Actively involved in research in Artificial Intelligence since the 1970s. Current research interests include data mining (in particular the automatic derivation of classification rules from examples), case-based reasoning, model-based approaches to diagnostic reasoning and methodologies for knowledge engineering.

Leader of the University of Portsmouth's Artificial Intelligence Research Group

Artificial Intelligence Research Group Partial List of Projects (under development)

Artificial Intelligence Research Group Home Page

Knowledge Discovery and Data Mining

Knowledge-Based and Expert Systems

Model-Based Reasoning

Technical Director for FAUST, an early multi-organisation 'large demonstrator' project, which introduced Artificial Intelligence techniques to the UK electricity industry. FAUST (Fault Analysis Using Simulation and Testing) diagnosed faults on the high-voltage electricity distribution network in real-time from partial and often unreliable telemetry. The system applied a combination of heuristic and model-based reasoning to an object-orientated model of the distribution network, within an overall Blackboard architecture.

Computers and Chess

Especially the application of declarative knowledge to endgames (sub-games with a small number of pieces), the automatic derivation of endgame 'databases' indicating perfect play in every position and the automatic generation of human-understandable strategies from such databases.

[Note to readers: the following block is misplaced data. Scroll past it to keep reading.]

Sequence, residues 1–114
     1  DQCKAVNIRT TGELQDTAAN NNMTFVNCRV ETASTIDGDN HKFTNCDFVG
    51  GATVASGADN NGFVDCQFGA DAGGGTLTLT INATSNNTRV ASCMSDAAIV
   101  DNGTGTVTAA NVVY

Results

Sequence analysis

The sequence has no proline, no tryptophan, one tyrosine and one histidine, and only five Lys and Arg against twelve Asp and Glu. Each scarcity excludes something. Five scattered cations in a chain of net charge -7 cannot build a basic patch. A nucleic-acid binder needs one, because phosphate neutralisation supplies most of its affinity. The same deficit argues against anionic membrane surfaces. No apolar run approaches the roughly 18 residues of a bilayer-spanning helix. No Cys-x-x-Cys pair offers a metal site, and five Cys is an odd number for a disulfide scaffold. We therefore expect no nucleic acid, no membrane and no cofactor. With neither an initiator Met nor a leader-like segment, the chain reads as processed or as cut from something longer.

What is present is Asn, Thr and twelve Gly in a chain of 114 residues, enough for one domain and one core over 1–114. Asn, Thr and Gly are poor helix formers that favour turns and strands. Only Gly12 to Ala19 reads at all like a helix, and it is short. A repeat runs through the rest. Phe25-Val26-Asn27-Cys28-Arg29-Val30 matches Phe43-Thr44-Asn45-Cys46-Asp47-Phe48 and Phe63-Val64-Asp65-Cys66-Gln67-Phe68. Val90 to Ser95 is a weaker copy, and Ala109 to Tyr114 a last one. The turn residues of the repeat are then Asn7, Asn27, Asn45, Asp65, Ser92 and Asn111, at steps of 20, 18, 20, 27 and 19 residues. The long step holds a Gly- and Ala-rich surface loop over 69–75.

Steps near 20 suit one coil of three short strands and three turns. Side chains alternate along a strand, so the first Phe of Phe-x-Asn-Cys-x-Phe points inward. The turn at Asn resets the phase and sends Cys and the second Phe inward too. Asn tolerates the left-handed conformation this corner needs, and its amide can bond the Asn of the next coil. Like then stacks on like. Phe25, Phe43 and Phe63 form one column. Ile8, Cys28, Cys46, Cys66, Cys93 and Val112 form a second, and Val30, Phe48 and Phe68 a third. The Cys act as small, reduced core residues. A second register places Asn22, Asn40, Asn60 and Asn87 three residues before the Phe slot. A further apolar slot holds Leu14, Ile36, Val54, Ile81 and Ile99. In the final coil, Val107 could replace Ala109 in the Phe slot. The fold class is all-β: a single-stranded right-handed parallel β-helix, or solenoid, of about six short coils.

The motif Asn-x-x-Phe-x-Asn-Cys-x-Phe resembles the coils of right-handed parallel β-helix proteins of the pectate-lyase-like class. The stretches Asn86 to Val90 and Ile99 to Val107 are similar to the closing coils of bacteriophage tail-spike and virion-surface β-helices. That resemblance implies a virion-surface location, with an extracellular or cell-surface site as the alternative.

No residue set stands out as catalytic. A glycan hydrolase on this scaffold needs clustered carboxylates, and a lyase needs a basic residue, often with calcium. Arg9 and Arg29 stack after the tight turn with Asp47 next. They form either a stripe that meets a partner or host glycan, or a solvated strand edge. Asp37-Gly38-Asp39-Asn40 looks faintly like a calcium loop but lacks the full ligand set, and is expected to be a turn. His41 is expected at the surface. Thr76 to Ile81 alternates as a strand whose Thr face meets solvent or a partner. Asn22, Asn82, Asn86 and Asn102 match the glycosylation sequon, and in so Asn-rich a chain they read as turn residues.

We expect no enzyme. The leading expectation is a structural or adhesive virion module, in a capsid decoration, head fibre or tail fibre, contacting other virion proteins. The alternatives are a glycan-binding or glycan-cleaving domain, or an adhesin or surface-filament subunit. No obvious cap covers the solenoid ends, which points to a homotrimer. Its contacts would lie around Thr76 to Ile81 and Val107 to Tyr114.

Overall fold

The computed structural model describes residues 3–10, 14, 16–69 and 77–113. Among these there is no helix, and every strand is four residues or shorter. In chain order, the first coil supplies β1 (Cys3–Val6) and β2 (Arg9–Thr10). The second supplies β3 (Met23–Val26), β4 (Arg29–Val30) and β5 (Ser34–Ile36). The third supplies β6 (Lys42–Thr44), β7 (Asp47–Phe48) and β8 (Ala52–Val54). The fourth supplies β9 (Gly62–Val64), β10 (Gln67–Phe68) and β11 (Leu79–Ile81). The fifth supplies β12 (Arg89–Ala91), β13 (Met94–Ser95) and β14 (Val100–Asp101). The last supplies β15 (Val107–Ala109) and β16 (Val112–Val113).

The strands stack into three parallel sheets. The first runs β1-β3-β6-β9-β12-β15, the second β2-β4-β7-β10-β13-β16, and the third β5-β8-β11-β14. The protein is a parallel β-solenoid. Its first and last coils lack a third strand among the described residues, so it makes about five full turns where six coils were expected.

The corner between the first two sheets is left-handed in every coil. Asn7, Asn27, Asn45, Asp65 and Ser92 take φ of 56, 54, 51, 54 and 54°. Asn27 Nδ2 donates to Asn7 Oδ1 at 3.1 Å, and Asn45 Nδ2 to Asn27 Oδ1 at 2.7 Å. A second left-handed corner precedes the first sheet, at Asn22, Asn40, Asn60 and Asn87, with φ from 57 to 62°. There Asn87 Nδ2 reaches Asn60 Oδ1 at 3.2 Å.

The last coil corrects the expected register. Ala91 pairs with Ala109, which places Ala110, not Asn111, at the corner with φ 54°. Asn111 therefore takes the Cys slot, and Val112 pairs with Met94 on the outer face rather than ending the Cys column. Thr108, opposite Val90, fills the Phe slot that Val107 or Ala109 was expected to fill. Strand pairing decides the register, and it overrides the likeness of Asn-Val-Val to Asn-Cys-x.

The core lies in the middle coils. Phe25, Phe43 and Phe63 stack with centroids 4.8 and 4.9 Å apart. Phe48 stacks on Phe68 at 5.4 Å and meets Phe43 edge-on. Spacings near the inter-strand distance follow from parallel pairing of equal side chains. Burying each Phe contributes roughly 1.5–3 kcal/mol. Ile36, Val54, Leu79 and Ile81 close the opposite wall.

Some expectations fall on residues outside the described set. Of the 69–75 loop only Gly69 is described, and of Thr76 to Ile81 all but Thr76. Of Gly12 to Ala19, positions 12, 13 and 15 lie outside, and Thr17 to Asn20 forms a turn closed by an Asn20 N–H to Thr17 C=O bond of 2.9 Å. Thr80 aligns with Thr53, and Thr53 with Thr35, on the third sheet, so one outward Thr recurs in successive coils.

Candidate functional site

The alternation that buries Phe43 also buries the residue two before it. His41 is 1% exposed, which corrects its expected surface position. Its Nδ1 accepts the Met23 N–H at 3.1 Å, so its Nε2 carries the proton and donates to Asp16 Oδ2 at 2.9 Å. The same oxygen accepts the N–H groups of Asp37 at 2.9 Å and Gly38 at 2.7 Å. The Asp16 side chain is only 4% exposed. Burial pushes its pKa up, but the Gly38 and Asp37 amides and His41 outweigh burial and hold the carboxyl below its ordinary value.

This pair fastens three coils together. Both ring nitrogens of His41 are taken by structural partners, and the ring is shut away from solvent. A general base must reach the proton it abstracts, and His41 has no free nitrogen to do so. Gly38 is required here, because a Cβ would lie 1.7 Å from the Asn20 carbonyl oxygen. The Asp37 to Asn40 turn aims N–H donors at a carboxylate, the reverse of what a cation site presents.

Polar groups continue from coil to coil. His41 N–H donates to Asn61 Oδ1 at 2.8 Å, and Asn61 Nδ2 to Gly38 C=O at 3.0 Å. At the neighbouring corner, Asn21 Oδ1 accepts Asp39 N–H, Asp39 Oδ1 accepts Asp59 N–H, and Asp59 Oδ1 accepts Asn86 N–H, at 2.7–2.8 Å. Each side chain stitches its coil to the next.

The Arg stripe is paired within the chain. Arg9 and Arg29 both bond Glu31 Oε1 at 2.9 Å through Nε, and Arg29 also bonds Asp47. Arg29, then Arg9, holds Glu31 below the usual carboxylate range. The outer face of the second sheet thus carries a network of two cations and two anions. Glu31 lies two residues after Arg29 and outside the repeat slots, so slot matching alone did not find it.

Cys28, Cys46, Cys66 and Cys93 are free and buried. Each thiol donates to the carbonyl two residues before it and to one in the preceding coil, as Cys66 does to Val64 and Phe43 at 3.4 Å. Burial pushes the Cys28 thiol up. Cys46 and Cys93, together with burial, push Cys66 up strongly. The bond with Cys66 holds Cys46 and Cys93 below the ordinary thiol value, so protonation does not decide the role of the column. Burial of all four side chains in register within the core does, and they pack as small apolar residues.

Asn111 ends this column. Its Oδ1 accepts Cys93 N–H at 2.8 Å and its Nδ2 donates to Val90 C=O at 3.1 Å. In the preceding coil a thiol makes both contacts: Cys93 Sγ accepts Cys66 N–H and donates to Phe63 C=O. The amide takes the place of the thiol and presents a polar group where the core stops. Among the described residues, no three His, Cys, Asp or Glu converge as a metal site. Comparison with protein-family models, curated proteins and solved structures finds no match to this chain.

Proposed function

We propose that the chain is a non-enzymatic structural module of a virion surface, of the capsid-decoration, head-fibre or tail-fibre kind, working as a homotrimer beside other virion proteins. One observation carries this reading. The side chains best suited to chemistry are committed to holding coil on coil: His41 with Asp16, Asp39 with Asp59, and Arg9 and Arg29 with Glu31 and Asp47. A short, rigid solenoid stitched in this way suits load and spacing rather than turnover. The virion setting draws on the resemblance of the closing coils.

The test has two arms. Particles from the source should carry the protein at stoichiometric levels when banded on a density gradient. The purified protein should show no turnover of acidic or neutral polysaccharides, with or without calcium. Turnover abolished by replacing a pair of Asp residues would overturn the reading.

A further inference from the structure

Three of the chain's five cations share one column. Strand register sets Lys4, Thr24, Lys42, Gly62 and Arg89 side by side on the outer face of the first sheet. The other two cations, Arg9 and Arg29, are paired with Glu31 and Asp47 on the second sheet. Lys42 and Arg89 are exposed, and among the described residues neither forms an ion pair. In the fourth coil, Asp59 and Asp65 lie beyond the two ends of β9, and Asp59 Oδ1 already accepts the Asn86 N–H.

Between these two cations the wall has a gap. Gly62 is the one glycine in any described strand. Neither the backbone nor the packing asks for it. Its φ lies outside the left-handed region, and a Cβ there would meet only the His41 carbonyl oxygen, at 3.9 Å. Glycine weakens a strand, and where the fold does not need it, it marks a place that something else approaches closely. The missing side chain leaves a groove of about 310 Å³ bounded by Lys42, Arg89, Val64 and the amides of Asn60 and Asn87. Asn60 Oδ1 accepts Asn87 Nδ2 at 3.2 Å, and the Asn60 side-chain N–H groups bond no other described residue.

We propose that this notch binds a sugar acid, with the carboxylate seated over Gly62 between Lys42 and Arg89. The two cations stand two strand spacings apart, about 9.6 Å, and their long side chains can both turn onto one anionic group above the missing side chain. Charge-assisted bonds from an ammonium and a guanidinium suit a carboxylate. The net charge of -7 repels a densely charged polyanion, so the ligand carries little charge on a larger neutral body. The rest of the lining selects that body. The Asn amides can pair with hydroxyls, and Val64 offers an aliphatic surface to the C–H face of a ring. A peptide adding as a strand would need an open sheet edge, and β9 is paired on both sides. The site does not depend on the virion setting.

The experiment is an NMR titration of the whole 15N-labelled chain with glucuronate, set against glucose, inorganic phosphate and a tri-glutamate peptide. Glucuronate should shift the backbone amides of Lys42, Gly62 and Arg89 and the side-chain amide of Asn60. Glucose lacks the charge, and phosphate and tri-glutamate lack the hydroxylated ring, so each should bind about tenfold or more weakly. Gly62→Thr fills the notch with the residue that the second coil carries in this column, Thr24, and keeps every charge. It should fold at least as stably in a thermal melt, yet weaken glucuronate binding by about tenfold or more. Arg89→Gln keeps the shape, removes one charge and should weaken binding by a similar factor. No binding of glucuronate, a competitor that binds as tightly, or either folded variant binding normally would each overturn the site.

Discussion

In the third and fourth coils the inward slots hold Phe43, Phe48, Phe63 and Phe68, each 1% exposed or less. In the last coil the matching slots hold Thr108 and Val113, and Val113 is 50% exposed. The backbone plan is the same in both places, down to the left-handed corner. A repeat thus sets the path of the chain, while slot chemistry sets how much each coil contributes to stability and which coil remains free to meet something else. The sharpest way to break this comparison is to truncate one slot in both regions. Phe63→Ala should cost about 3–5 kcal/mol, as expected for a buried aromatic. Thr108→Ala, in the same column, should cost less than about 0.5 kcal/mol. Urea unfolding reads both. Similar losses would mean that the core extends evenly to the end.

History of Artificial Intelligence

Especially the 'pre-history' of AI before 1956, the mechanisation of games (chess, checkers, nim etc.) from the 18th century onwards and AI in Britain from Turing up to the Alvey Programme in the 1980s.

Invited lectures on 'Artificial Intelligence in Fact and Fiction: the First 3,000 Years' at the IFIP World Computer Congress 2006 (Santiago, Chile) and AI-2006 (Cambridge, UK).

External Lectures

Over 150 external lectures, seminars, etc. presented on a variety of topics, principally concerning Artificial Intelligence, Data Mining, Knowledge-Based Systems and the use of computers in education, to a range of audiences, including academics in Computer Science (and other disciplines), computer professionals, teachers and senior Local Education Authority staff, undergraduate and postgraduate students, and both technical and general management. These include lectures in Denmark, Canada, Holland, Spain, Japan, the Republic of Ireland, Yugoslavia, France, Germany, the United States, China, Finland, Poland, Bulgaria, Greece, Chile and Australia.

Research Students Supervised (under development)